Image copyright Getty Images Image caption Parents are claiming that the government is overreaching in its mandate
The first batch of more than 1,300 Toronto city employees will begin receiving disciplinary notices next week as the government implements its decision to suspend flu vaccinations for city employees, reports say.
The initial reduction in health services comes in response to a December 2017 court challenge from the Canadian city’s human resources department.
One employee is estimated to be issued notices and another 40,000 staffers have been notified of the changes.
Toronto’s ruling government approved a policy in May to offer the flu shots to city workers who contract the flu during or after vaccination, or when making home visits.
But the government added that anyone who “intentionally”, “definitely” or “substantially submits” for vaccination can receive disciplinary action or lose medical benefits.
The original motion added that disciplinary action would be based on culpability and compliance.
The documents also specify that the city will take “significant disciplinary action” against employees who violate the new policy – including termination, demotion, suspension or dismissals.
The regulations say, “The city reserves the right to take disciplinary action against all employees who knowingly accept, without requiring permission, to work with persons who are unvaccinated for the influenza vaccine.”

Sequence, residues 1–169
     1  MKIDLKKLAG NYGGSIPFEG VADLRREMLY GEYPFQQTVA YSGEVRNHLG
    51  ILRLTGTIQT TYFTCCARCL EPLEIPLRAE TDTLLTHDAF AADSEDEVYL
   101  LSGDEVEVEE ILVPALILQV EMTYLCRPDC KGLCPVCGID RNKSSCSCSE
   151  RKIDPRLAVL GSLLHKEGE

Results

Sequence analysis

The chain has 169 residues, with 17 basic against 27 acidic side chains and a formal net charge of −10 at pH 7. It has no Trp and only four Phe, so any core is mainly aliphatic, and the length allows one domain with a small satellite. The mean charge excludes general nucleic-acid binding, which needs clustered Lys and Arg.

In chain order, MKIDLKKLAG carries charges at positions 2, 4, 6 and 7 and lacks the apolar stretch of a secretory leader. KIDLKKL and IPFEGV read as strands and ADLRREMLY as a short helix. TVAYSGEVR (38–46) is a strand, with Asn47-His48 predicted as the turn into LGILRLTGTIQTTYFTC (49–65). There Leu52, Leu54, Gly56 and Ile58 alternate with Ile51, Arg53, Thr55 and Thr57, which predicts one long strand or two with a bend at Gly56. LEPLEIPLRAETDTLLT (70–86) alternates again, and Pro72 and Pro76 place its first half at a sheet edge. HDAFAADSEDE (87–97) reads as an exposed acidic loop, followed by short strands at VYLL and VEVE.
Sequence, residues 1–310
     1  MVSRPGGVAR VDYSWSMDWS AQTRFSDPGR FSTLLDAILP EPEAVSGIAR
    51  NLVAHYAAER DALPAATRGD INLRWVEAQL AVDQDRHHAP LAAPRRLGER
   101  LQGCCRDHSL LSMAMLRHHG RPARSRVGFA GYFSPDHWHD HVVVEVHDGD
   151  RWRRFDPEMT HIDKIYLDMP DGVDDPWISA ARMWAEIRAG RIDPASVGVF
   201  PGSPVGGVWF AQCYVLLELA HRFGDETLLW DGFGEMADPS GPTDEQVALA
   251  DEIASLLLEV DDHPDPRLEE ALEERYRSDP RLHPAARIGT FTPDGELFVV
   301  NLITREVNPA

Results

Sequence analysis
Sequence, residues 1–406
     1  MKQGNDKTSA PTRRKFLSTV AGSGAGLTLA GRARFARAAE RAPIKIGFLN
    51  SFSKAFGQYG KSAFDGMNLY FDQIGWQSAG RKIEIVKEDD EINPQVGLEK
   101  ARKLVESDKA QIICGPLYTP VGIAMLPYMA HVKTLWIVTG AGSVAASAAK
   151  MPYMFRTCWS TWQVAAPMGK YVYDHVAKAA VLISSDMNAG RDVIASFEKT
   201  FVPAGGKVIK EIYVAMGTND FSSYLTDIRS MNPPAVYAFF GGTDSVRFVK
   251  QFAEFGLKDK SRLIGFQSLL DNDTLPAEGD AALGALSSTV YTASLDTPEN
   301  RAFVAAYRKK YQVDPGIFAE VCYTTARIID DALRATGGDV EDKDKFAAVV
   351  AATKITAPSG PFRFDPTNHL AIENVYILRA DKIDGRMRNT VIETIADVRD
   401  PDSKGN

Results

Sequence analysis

One of the city’s most senior lawyers, Robert Small, has already expressed disappointment that these codes of conduct are now on the books.
“Whatever Toronto decides to do, this policy will be driven by its lawyers and chosen for it’s immutability, discretion and apparent lack of relevance to the realities of any given situation,” he told the Toronto Star.
City employees who had obtained the flu vaccine as of September 7 will be entitled to medical benefits once they complete their suspension, while those who had not – from 4 September 2018 to 15 November – will receive occupational health benefits, assuming they qualify.
Influenza vaccine offers little or no protection against the most serious virus strains
However, if an employee is diagnosed with the flu, they will not be able to receive medical care or any prescribed medications, except to slow their symptoms.
Sixteen organizations across Ontario had challenged the Toronto government’s decision, which was approved last week.
An Ontario Superior Court judge ruled in favour of Toronto’s government on the stand in September and upheld the policy.
The province’s lawyers argue that the first deadline for city employees to obtain the flu vaccine passed in February and the original 11 October deadline passed in October.
Ontario Health Minister Christine Elliott says the deadline should not have been set because no changes had been made to public health services or delivery of flu vaccine to the public.
The delays in administering flu shots to city employees have also been criticised by the Canada Hospitals Association, a patient advocacy group.
More than a quarter of acute-care hospitals in Ontario have reported to CHA that flu clinics have been cancelled because of a shortage of flu vaccines.